Mark Moody, one of the managers of North Star Business Services LLC, told Credit Union Times the fraudulent payment collection claims the NCUA has brought against the defunct CUSO are false.
Moody said he received the NCUA complaint last night and was surprised to hear of the allegations. The Nov. 8 suit said NSBS continued to collect payments on 18 commercial loans allegedly owned by Ensign Federal Credit Union, which did business with the CUSO and was liquidated in November 2009 by the regulator.
Moody said the day after Ensign shut down, the NCUA contacted NSBS and told the firm to continue to service and collect payments on the loans in question. In February, he said he received another letter from the NCUA saying the CUSO's services were no longer needed. Moody said he then contacted an attorney and in March sent a letter to the NCUA seeking a payment of $115,500 from the agency for management and administrative fees.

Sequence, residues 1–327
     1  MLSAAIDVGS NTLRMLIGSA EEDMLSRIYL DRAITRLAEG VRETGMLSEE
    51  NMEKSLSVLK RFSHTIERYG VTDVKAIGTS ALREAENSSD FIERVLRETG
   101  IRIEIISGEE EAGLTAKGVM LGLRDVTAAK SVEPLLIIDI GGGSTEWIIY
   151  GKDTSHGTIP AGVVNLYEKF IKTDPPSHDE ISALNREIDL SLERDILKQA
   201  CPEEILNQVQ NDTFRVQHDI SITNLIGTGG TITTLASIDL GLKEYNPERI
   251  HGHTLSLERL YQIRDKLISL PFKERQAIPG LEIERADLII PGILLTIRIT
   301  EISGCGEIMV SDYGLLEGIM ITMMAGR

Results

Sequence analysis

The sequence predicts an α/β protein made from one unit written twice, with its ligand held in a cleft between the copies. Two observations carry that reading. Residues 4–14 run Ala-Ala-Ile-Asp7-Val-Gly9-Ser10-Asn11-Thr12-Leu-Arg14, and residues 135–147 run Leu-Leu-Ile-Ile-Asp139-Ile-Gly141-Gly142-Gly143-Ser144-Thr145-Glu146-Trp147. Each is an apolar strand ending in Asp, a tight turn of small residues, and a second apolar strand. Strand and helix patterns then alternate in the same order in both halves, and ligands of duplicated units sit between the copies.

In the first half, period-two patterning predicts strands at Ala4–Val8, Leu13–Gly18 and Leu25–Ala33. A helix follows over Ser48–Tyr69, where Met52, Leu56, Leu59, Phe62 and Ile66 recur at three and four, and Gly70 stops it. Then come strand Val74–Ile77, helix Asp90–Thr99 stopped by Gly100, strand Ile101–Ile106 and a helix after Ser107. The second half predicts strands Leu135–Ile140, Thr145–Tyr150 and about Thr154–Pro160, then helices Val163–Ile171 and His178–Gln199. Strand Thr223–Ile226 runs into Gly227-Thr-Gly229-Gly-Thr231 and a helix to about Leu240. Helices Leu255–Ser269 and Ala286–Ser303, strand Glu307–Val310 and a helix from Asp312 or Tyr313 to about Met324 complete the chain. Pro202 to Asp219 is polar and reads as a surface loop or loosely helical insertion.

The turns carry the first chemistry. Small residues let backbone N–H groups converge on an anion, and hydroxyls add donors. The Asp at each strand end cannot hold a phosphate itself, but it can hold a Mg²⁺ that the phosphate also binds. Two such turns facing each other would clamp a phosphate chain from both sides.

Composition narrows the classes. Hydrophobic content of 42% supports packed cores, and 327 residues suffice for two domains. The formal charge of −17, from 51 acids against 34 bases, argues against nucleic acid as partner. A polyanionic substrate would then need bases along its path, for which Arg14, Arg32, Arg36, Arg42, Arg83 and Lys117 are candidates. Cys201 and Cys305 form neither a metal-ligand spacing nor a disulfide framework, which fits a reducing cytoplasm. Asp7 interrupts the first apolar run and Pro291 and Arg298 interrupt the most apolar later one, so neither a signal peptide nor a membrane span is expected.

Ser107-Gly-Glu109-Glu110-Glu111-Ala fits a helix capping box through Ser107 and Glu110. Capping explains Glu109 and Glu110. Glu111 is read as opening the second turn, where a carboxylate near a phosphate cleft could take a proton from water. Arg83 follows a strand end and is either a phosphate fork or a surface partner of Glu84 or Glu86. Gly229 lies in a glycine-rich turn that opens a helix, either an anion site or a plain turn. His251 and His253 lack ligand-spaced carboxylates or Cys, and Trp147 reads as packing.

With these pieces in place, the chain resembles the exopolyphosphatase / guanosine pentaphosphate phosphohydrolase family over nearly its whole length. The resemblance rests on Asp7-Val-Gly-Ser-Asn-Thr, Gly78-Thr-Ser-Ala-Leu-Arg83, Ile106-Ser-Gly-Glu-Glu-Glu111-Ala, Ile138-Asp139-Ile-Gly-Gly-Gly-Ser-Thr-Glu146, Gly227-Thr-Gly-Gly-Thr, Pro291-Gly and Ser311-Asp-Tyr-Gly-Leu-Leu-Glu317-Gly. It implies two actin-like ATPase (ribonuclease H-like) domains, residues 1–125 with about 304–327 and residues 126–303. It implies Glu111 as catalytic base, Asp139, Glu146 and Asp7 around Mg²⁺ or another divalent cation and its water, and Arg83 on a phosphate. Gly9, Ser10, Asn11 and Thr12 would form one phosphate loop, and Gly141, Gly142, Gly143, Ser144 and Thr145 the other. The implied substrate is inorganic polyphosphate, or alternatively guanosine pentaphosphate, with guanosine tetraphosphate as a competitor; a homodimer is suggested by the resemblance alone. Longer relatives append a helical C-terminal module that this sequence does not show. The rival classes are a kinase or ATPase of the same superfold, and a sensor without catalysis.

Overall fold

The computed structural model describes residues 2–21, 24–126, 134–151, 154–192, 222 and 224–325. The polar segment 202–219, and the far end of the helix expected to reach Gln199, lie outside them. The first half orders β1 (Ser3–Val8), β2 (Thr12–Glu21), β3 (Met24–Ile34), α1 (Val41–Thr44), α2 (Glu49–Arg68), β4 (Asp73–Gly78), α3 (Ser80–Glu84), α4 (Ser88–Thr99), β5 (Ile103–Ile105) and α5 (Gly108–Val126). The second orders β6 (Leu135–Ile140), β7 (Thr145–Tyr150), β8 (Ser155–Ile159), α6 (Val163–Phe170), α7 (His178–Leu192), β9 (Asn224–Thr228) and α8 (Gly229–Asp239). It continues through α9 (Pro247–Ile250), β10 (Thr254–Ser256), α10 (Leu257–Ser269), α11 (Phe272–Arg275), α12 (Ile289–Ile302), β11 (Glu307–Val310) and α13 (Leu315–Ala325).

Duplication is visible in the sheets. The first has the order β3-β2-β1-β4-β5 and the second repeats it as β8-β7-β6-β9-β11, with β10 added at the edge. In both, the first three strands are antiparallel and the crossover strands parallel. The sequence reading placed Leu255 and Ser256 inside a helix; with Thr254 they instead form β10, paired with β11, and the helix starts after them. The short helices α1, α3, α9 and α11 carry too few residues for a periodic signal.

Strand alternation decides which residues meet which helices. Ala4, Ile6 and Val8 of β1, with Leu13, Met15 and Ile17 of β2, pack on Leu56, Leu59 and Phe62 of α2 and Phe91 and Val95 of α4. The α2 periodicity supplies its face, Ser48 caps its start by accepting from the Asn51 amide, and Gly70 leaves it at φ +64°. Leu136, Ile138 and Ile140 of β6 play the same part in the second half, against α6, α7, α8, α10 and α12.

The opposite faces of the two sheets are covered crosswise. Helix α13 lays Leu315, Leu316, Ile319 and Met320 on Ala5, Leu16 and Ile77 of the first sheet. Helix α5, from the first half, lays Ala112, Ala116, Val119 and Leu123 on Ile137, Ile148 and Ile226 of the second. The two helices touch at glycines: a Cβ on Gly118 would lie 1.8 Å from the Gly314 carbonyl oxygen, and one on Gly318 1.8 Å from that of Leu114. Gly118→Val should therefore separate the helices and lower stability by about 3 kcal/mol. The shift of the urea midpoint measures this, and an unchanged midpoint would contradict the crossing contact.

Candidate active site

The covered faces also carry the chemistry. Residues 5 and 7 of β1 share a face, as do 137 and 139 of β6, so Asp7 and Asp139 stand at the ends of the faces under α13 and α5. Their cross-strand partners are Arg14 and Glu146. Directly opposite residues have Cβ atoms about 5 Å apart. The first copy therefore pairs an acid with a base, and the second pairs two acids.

"There are funds that are being held," Moody said of the nearly $46,000 the NCUA is seeking. He said the funds will continue to be held until he receives the $115,500 payment from the regulator.
"I received a letter from [the NCUA's] attorney in April, which I complied with. I provided all loan files and all payments were to be sent to the NCUA," Moody said.
To NCUA's claims that NSBS threatened to charge service fees if borrowers of the loans did not continue to make payments after Ensign closed, Moody said that is false.
"It wasn't like we were strong arming," he said. "We sent a letter to our clients to continue making payments. All of this got resolved at the end of April, the first of May."
In addition to Ensign, NSBS worked with three other credit unions. The CUSO has since dissolved and Moody is doing consultative work.